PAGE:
The most pop­u­lar Kaiseki ex­pe­ri­ence can be found at Hy­otei (35 Nanzenji Kusagawa­cho, Sakyo Ward, Ky­oto, Ky­oto Pre­fec­ture 606-8437,

Ja­pan), a 3-miche­lin star es­tab­lish­ment lo­cated on the grounds of Nanzenji tem­ple. Chef Ei­ichi Taka­hashi is the 14th gen­er­a­tion of this fam­i­lyrun es­tab­lish­ment and con­tin­ues his tra­di­tion with grace and hon­our for each guest en­ter­ing his restau­rant.

On a sim­i­lar scale, Naka­mura Restau­rant (Ja­pan, ẅ604-8093 Ky­oto Pre­fec­ture, Ky­oto) is an­other op­tion, where the 6th gen­er­a­tion chef and wife duo are well-known for their Ja­panese am­biance and un­ri­valed hos­pi­tal­ity.

Zen Mo­ment

Given the cul­tural sym­bol of Ky­oto, Bud­dhistin­spired diets are also worth seek­ing out when in Ja­pan’s for­mer cap­i­tal. Known as sho­jin­ry­ori, which re­lates to the Bud­dhist monks of Ja­pan, menus are strictly vege­tar­ian and of­ten com­bine spir­i­tual be­liefs in the cook­ing tech­niques. If you love tofu, sho­jin-ry­ori is the way to go, where you will def­i­nitely be ex­posed to one or more tast­ings of the Ky­oto spe­cialty. The prepa­ra­tion of tofu in Ky­oto is highly re­garded as a del­i­cacy in this pre­fec­ture, which can be found in both Nanzenji and Arashiyama dis­tricts of Ky­oto.

For one of the most mem­o­rable din­ing ex­pe­ri­ences in Arashiyama, seek out Sho­ra­ian (Sa­gaka­meno­cho, Ukyo-ku, Ky­oto-shi, Ky­oto 616-8386). Con­sid­ered one of the best in the city, the din­ner in­volves a mag­i­cal, yet ethe­real tofu pil­grim­age in­volv­ing a 45 minute walk up a moun­tain to this not-so –typ­i­cal restau­rant. Prices start from 3800Y. For sim­i­lar dishes in the city, try Yud­ofu Sagano (45 Sa­gaten­ryuji Susuki­nob­a­ba­cho, Ukyo Ward, Ky­oto, Ky­oto Pre­fec­ture 616-8385, Ja­pan) or To­suiro (Ja­pan, ẅ607-8167 Ky­oto Pre­fec­ture, Ky­oto).

OSAKA: Old School cool

Gritty, glam, grungy and harsh …Osaka has long been re­garded as the black sheep of the fam­ily. A lit­tle rough around the edges, this sis­ter city is most com­monly com­pared to Tokyo, de­spite its stark com­par­isons. Osaka-nites are con­sid­ered earthy and di­rect when com­pared to the so­phis­ti­ca­tion that is Tokyo, yet the hard­work­ing and fun-lov­ing cap­i­tal of the Kan­sai re­gion of Ja­pan is build­ing a rep­u­ta­tion as a foodie-city in its own right.

On the ta­ble we have flour-based foods, more com­monly found on ev­ery street cor­ner around the city. Okonomiyaki is a gi­ant pan­cake com­bin­ing meat, seafood, veg­eta­bles be­fore be­ing smoth­ered in a thick gravy-like sauce; Takoy­aki is the an­swer to ev­ery night-revel­ers hunger pains, with these bite-size oc­to­pus­filled donuts be­ing a quick meal for un­der 300 Yen; Kushikatsu is fa­mous in the area and now found ev­ery­where in Ja­pan, but no one does it bet­ter than the in­ven­tor Restau­rant Daruma (2-11-17 Tsu­ru­mibashi, Nishi­nari Ward, Osaka, Osaka Pre­fec­ture 557-0031, Ja­pan). Any visit to Osaka would be amiss if kaiten-sushi and in­stant ra­men noo­dles were not sam­pled given they were both in­vented in the city. De­spite its cool rep­u­ta­tion, qual­ity is def­i­nitely not com­pro­mised in Osaka when it comes to food.

Osaka spe­cial­ties

For some­thing truly Osakan – look out for Kappo-style din­ing, which orig­i­nated in Osaka more than 100 years ago and in­volves the chef pre­par­ing food at the counter for a small num­ber of cus­tomers. A kappo chef trains for more than 15 years and on top of the list for this din­ing ex­pe­ri­ence is Oi­matsu kita­gawa (Ja­pan, ẅ530-0047 Osaka Pre­fec­ture, Osaka).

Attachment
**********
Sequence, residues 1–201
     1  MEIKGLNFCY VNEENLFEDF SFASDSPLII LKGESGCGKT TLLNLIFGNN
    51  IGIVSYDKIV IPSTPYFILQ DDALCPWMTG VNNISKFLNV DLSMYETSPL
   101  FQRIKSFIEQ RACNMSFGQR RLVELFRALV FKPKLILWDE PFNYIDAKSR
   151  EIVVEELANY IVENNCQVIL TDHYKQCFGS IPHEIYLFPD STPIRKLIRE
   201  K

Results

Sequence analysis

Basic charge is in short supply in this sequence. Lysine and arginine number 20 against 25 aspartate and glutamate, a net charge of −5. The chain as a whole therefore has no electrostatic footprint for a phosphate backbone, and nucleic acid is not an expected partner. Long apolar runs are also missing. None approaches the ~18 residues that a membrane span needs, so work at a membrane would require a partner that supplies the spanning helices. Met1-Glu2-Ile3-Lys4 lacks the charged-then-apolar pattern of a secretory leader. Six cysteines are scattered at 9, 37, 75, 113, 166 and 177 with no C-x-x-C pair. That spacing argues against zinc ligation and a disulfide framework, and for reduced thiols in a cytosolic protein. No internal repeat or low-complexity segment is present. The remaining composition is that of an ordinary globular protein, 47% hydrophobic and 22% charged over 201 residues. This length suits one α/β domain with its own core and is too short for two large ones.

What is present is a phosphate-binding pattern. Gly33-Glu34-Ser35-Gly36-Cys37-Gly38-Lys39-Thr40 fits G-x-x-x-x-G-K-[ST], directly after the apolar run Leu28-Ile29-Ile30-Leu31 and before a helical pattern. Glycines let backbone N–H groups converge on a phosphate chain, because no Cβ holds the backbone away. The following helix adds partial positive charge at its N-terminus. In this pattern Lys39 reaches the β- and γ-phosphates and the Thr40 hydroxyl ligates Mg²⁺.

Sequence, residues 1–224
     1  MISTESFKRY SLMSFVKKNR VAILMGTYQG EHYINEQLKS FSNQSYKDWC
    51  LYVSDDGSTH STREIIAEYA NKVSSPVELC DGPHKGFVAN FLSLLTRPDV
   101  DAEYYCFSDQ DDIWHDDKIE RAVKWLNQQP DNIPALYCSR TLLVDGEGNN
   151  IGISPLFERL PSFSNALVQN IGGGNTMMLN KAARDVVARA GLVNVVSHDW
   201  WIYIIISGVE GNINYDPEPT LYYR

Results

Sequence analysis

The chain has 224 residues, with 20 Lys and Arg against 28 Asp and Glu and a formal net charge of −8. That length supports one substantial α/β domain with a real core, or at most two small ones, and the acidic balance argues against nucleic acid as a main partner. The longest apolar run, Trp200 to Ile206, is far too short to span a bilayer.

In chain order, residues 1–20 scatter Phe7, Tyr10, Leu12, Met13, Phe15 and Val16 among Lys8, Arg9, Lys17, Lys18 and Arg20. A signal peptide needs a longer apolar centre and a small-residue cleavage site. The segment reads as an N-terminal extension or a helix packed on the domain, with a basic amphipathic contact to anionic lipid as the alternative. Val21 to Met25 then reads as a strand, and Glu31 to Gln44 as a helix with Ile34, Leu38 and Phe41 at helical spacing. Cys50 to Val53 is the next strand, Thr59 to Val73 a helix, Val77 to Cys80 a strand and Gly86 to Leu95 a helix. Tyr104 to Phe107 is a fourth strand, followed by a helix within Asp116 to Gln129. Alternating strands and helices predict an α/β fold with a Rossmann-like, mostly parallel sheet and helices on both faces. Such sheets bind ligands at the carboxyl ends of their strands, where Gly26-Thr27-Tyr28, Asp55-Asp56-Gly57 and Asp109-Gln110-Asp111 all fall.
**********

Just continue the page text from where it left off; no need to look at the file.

Re­cently re­warded a one Miche­lin star, this slightly hid­den restau­rant is un­pre­ten­tious yet fo­cused on the whole cus­tomer ex­pe­ri­ence. If you can’t snag a seat at Oi­matsu Kita­gawa or sim­ply can’t af­ford it, try splurg­ing on an­other Osaka restau­rant, Ki­gawa (Ja­pan, ẅ542-0071 Osaka Pre­fec­ture, Osaka). The restau­rant is tiny, even by Ja­panese stan­dards and is well and truly a hid­den gem. Tucked be­hind an al­ley, the restau­rant re­mains hid­den un­less you’re in the know. An ex­trav­a­gant Ja­panese din­ing ex­pe­ri­ence is per­haps the only way to de­scribe a 20-course tast­ing menu that awaits you.

Kashi­waya (2-5-18 Sen­riya­man­ishi, Suita, Osaka Pre­fec­ture 565-0851, Ja­pan) is one of the best restau­rants you can visit right now in Osaka. The three-Miche­lin star restau­rant is on the out­skirts of Osaka but worth the visit. De­scribed as Suki-ya style (Ja­panese tea cer­e­mony eat­ing) ex­pect tatami mats, shoji pa­per screens and Ja­panese hos­pi­tal­ity at its best. The menu is con­tem­po­rary and highly worth ev­ery penny. Chef Hideaki Mat­suo re­ally shines at his fam­ily’s restau­rant which dates back to 1868.

Other hon­ourable men­tions in Osaka, which are low-key but great food ex­pe­ri­ences are Jiyuken (Ja­pan, ẅ542-0076 Osaka Pre­fec­ture, Osaka) Curry Rice in Osaka – com­fort food at its best; Takoy­aki at Mizuno (Ja­pan, ẅ5420071 Osaka Pre­fec­ture, Osaka, Chuo Ward, Do­ton­bori, 1 Chome−4−15) where hot and cheer­ful eats burst in your mouth for a fla­vor ex­plo­sion and Omoni (3-3-2 Mo­modani, Ikunoku, Osaka), a big gour­mande restau­rant is your one-stop-shop for a great okonomiyaki. Un­like the rest of Ja­pan, Osaka is not the place to seek out ra­men, but Udon. Restau­rant Mimiu (Orig­i­nal Hon­machi 4-6-4, Chuo-ku, Osaka Ja­pan. Down­town 5-1-18 Nanba, Chuo Ward, Osaka, Osaka Pre­fec­ture 542-0076, Ja­pan) cre­ates Umami in its care­fully crafted pots of sim­mered fish stock, known as dashi be­fore be­ing filled with fresh veg­eta­bles and hand­pulled udon noo­dles.